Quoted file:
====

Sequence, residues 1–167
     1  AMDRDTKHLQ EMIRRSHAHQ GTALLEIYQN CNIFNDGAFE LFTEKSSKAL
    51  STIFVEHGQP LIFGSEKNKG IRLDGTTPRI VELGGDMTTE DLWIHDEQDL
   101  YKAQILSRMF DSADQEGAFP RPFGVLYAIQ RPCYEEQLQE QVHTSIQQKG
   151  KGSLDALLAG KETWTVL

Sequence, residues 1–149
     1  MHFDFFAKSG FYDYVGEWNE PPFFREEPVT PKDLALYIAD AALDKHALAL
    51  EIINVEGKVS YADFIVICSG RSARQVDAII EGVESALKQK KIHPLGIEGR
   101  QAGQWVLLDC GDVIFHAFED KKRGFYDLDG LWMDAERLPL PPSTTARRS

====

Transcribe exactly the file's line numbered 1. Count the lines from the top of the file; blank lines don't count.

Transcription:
Sequence, residues 1–167